A notice recently posted on the front gates of Wenzao Ursuline College of Languages in Greater Kaohsiung on proper dress code for students caused a stir among the student body, with some saying that the school was one-sided in its enforcement of such rules.
According to a report from the online new service NOWNews, the notice read: “The campus is a formal location of learning and we ask that students comply with the following rules — Please do not wear flip-flops, hot-pants, or revealing clothing on campus.”
However, some students complained that the school was being selective in its target audience, pointing out that the notice, written entirely in Chinese, was targeted at Taiwanese students rather than accompanied by an English version for foreign students, who some students said are the main culprits when it comes to violating the dress code.
In response to the complaint, the school was quoted by the online news Web site as saying that in addition to displaying a Chinese version of the notice an English version had been placed in the school’s Center of Chinese Language, where foreign students spend most of their time.
The school added that the notices are merely intended as reminders that students are expected to dress appropriately at different venues, adding that whether students take the notice to heart is entirely dependent on their own judgement.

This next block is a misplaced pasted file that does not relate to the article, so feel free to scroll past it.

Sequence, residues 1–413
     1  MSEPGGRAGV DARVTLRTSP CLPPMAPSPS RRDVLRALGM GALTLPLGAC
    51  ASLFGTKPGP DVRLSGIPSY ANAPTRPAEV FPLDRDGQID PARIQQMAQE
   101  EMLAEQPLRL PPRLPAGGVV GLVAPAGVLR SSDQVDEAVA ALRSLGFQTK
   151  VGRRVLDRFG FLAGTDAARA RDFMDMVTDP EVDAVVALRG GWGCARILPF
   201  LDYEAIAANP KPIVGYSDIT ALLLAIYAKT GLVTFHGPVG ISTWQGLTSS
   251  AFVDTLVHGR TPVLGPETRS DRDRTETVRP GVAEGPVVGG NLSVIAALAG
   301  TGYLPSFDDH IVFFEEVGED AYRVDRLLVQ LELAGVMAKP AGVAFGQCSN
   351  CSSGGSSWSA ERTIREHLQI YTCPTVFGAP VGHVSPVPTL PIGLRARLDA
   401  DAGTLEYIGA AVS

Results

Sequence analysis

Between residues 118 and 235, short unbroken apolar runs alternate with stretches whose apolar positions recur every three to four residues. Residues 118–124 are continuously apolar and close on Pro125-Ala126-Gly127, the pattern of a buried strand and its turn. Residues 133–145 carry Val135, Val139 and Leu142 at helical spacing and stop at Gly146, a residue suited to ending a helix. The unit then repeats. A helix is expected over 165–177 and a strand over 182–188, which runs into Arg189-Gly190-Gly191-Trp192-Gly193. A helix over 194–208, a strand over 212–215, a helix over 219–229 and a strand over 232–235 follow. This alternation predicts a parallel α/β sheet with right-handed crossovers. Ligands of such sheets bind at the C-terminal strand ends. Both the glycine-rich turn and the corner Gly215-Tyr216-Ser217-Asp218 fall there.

NOWNews reported that because Wenzao is a missionary school, many of the nuns teaching there believe it is inappropriate for students to wear revealing clothing and they have made related recommendations to the school.
Some foreign teachers were quoted as saying they felt embarrassed by a classroom full of scantily clad students.
Although several students said that the school had no authority to interfere with their clothing choices, NOWNews quoted others as saying that how people dressed reflected “a respect for colleagues and teachers as the campus is not the seaside, and definitely not a beauty contest runway.”
Other students were quoted as saying that “disgusting odors” were evident when some students wore flip-flops in classes, adding that “although some might feel that there is nothing wrong with their attire, they are blithely unaware that their behavior causes others to feel uncomfortable.”